"They don't want to infringe upon the community where they have their business," he said, referring to the golf course. "That's a victory."

    For other residents, the question of the filtration plant has become bound up with all the things they want their neighborhood to be. Last year, for example, teenagers at the Knox Gates community center, called the Cove, created a kind of wish-list project for the park's southeast corner. The teenagers did man-in-the-street interviews, questioned local business owners and came up with a plan. Working with an architect, they imagined a manicured place with a cafe and restrooms and benches, none of which the area has.

    Now city officials have suggested that the filtration plant might make that vision a reality. The city's environmental commissioner, Christopher O. Ward, visited the Cove a few weeks ago and told residents that money might come the group's way, and that he would work to see that their project was at the top of the list when the $240 million in parks money is doled out.

    "This is a process that empowers and makes that agenda real, rather than an agenda that has no mechanism to become real," Mr. Ward said in an interview, referring to the Cove's plans.

    Residents near the southeast corner of the park say the tradeoff is more complicated.

    "We had plans for raising the money," said Ms. Pyle, a director of a small theater company and a volunteer at the Cove. "They're saying we could get money now — if we put up with five years of construction."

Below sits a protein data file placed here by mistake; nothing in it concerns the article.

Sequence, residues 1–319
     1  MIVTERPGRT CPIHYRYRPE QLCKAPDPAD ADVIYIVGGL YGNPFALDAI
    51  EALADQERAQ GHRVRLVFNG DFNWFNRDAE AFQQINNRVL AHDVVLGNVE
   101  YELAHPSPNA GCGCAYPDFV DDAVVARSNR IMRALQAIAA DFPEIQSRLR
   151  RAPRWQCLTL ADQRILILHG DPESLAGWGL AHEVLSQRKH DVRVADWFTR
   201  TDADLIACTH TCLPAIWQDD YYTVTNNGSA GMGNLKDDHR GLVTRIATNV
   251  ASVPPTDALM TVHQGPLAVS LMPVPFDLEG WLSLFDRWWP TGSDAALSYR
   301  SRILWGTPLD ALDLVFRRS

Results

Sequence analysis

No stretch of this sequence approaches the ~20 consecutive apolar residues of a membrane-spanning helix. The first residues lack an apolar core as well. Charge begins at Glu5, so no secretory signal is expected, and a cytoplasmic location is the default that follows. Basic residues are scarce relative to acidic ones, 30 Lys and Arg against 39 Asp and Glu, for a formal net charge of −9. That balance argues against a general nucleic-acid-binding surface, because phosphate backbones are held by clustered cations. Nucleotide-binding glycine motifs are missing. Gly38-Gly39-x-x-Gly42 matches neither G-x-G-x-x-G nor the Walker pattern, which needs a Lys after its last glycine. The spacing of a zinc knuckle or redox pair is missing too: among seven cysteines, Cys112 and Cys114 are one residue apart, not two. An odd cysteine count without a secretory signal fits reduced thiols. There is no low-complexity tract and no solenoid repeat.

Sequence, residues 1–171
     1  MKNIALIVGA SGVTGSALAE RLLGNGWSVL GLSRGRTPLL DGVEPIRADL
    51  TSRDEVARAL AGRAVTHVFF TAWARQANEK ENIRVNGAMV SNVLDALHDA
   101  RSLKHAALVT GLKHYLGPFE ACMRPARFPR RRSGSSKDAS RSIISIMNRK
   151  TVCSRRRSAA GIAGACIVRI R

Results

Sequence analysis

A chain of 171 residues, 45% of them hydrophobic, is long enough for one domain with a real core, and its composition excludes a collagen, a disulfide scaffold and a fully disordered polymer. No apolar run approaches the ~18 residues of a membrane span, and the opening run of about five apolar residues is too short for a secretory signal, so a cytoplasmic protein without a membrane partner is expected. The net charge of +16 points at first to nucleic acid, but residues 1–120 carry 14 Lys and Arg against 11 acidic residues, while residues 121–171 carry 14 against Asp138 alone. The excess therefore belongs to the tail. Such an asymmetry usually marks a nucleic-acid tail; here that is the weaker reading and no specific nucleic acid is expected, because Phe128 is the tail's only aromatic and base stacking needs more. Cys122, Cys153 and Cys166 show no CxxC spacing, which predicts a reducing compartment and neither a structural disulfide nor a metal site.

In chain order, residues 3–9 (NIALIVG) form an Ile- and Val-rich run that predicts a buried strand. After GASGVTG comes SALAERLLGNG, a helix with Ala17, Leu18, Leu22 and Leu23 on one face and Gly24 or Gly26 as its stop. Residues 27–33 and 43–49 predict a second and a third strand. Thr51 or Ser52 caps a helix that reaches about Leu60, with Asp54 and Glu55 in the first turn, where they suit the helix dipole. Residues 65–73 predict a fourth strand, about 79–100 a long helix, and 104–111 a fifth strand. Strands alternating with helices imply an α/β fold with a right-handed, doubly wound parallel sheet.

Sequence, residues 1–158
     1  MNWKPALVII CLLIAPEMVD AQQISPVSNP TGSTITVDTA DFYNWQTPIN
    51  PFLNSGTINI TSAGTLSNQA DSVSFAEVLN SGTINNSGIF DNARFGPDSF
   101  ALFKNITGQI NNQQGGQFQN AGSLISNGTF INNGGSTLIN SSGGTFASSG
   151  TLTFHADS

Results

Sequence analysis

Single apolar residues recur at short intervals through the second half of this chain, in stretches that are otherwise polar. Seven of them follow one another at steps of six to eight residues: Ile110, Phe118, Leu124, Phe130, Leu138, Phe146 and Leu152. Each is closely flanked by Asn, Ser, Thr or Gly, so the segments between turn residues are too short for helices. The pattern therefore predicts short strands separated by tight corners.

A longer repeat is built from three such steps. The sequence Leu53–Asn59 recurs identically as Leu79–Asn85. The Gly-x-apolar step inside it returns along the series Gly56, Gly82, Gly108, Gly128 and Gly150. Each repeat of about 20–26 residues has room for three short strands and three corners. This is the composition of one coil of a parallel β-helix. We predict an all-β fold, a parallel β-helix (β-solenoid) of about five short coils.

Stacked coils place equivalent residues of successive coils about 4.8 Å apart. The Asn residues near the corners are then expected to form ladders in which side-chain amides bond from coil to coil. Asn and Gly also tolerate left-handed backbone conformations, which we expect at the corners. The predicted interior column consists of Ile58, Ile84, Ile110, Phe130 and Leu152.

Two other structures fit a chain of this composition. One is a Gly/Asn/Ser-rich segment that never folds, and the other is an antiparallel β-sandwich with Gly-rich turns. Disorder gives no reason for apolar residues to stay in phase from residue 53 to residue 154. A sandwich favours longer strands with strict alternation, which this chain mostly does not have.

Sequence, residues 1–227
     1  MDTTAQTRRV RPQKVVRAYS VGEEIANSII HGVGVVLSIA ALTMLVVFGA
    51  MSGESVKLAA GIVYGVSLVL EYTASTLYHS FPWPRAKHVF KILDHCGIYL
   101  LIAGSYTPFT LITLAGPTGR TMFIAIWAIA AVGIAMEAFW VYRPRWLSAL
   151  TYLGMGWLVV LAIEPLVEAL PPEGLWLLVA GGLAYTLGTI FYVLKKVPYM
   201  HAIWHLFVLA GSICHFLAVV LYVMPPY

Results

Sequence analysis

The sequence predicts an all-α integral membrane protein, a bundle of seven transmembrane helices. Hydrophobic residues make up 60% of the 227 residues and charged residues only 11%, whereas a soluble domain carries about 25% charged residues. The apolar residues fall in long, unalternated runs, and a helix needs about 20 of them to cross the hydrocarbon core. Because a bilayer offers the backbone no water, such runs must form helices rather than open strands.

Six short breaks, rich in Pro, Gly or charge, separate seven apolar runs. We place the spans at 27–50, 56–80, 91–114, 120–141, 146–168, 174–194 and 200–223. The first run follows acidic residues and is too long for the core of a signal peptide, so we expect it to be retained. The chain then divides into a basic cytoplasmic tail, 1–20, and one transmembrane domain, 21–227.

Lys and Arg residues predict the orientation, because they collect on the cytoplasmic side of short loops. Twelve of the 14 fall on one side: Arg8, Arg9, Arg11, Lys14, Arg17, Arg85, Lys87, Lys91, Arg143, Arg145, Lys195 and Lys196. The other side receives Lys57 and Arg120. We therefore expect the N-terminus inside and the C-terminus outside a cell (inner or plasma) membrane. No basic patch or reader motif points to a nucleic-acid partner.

Copyright 2003 The New York Times Company

  7. #7

    Default Unwanted Boon for Bronx Parks

    July 9, 2003

    City Asks Albany Leaders to Release Water Plant Bill

    By AL BAKER

    ALBANY, July 8 — Facing fines of $7,500 a day for failing to lock in a site to filter water from the Croton reservoir system, New York City officials urged the State Legislature today to release legislation needed to move the project along.

    Officials from the administration of Mayor Michael R. Bloomberg said the fines to the federal government had mounted to $300,000 so far while the city had waited for Gov. George E. Pataki to sign a bill to build a water treatment plant in Van Cortlandt Park in the Bronx.

    But Mr. Pataki said he had not seen the bill, which was passed by the Legislature just before lawmakers went on vacation on June 20. The bill would allow the city to build a $1.3 billion plant, capable of treating up to 290 million gallons a day, under a driving range at the Mosholu Golf Course in the park.

    At a news conference in Brooklyn today, Mayor Bloomberg said he feared that time was running out to act on the plan, one he said would create thousands of jobs, renovate parts of the Bronx and allow savings of $200 million that could be used to build parks in other parts of the borough or enhance existing ones.

    "We have to build a plant," Mr. Bloomberg said. "We either build it where we proposed, underneath a golf driving range, which would then be restored and you wouldn't even know it was there, or we build it elsewhere. If we build it elsewhere it will cost an awful lot more money, and if it goes outside of New York City it will cost jobs in this city."

    He added: "It would be a very bad thing for this city if we didn't do it now because it would probably never be done."

    City officials later asked the Assembly to send the bill to the governor's office, and Assembly officials said they would. "It will most likely be sent this week," said Eileen Larrabee, a spokeswoman for Sheldon Silver, the Assembly speaker.

    The Legislature's approval of the plan followed years of public debate on the need for a filtration plant and appeared to satisfy a Court of Appeals decision about where to put it as well as a federal Environmental Protection Agency consent decree on public health rules.